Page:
The United Nations Support Mission in Libya (UNSMIL) has welcomed the acceptance by Libya’s two rival parties to resume talks.
It also called on all countries that are fuelling the conflict in the war-torn country to definitively halt all forms of military support.
In a statement late on Monday, UNSMIL welcomed the move by the Government of National Accord (GNA), headed by Fayez Sarraj, and the Libyan Arab Armed Forces (LAAF).
The talks will cover the ceasefire and associated security arrangements based on the draft agreement submitted by UNSMIL to the parties during Joint Military Commission talks on 23 February.
The new round of JMC negotiations will be conducted via videoconference, in light of the ongoing global coronavirus (COVID-19) pandemic, UNSMIL continued.
UNSMIL said “The resumption of dialogue constitutes a response by the parties to the desire and calls of the overwhelming majority of Libyans who long for a return to a safe and dignified life as quickly as possible.”
It added that it “hopes that all parties, Libyan and international alike, heed the desire of the Libyans to end the fighting.”
Meanwhile, UNSMIL “hopes that the resumption of the JMC talks will be marked by a return to calm and a humanitarian truce to pave the way for a lasting ceasefire agreement, enable the competent authorities to focus on addressing the repercussions and threat of the COVID-19 pandemic, and facilitate the response of local and international agencies to urgent humanitarian needs.”
UNSMIL called upon those states supportive of the parties to respect the conclusions they endorsed at the end of the Berlin Conference. This would also include the numerous Security Council resolutions, particularly Resolution 2510 (2020) and those relevant to the UN arms embargo on Libya.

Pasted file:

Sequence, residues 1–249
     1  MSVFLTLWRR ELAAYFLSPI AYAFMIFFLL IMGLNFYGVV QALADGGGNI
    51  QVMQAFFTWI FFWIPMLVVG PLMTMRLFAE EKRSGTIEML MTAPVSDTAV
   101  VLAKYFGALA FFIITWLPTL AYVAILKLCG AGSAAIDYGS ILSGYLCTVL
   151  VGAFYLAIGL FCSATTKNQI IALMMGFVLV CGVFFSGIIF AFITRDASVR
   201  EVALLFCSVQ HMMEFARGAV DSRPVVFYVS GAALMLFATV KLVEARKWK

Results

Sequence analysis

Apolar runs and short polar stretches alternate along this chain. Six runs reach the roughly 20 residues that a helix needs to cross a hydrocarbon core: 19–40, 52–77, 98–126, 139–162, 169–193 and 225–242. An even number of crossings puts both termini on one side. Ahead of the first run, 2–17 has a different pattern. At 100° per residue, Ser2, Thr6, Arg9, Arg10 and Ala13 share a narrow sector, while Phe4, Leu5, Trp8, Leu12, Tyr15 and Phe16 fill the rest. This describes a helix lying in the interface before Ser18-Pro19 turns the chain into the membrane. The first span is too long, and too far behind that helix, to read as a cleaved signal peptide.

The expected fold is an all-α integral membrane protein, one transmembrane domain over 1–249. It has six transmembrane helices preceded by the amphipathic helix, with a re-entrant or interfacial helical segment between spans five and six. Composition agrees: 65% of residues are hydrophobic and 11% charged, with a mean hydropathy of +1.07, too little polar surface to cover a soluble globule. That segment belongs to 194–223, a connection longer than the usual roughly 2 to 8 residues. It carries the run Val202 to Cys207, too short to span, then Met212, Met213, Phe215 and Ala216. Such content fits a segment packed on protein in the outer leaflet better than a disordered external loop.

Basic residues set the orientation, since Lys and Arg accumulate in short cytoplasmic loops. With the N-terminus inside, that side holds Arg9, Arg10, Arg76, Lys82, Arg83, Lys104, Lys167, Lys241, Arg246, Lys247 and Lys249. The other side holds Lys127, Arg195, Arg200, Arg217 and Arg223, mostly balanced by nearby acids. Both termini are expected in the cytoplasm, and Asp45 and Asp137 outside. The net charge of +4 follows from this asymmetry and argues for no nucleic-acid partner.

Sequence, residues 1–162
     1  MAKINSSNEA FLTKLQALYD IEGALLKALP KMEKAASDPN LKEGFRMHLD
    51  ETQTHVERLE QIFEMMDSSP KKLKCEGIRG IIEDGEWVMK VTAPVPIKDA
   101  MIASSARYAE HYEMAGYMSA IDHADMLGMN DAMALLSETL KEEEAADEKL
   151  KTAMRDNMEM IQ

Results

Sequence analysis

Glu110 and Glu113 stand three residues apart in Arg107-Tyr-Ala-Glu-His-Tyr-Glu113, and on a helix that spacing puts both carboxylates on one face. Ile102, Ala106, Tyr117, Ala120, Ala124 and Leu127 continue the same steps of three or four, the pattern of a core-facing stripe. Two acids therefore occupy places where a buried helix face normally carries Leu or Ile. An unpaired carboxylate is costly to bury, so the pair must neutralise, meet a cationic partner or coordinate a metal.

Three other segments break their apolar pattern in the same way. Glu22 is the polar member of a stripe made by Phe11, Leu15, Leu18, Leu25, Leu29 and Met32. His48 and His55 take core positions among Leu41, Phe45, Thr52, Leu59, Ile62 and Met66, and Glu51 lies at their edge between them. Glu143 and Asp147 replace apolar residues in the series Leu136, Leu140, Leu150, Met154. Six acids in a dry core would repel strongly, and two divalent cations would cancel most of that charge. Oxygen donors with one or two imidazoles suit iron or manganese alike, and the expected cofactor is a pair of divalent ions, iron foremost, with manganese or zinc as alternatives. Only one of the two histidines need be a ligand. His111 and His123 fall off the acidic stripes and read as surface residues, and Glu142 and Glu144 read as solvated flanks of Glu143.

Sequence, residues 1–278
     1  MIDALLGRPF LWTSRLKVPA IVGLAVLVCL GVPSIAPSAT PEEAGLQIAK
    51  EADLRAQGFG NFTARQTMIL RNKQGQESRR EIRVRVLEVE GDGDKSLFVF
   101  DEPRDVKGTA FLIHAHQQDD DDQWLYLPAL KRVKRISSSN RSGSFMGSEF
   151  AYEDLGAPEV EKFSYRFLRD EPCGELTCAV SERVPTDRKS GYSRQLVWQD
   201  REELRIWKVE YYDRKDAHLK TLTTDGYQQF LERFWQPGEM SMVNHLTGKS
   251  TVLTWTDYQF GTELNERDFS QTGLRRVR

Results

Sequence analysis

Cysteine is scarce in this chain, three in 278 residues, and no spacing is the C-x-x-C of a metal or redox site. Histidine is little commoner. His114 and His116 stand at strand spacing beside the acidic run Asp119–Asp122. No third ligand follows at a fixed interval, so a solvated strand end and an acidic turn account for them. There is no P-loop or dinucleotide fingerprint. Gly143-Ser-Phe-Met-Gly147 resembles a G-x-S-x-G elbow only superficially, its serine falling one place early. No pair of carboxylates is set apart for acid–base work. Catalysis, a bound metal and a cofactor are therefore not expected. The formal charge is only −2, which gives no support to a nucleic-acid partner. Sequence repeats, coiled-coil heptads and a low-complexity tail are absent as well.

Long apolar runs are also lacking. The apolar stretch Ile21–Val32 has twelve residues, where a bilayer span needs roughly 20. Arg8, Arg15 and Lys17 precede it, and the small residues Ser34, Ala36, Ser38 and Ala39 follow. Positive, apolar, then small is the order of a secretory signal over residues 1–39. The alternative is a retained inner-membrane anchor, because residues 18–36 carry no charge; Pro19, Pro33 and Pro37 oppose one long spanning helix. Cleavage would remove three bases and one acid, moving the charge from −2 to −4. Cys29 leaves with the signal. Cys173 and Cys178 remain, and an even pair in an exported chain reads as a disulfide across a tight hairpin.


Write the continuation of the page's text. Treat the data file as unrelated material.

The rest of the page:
Earlier last week, Stephane Dujarric, spokesman for UN Secretary-General Antonio Guterres, expressed his concerns over “recent reports about a massive influx of weaponry, equipment and mercenaries in support of both sides in the Libyan conflict, which would constitute a flagrant violation of the arms embargo.”
The GNA is mainly supported by Turkey, which continued to send Syrian mercenaries as well as other kinds of support including drones and air defence systems which helped its forces to claim key victories in recent weeks.
Earlier on May, forces allied with the GNA said that they advanced and took control of a key military base, al-Watiya airbase, on the outskirts of Tripoli, adding that they also seized control of the city of Sabrata and the town of Sorman, west of the capital.
Haftar launched a military operation a year ago to take control of the capital and other parts of northwest Libya.
According to the UN, thousands of civilians were killed and injured, while more than 200,000 displaces during the last year as fighting escalating the war-torn country.
Since the fall of Muammar al-Gaddafi in 2011, Libya has remained in chaos. The oil-rich country has been split between two governments since 2014, the first GNA in Tripoli, and LNA in Benghazi.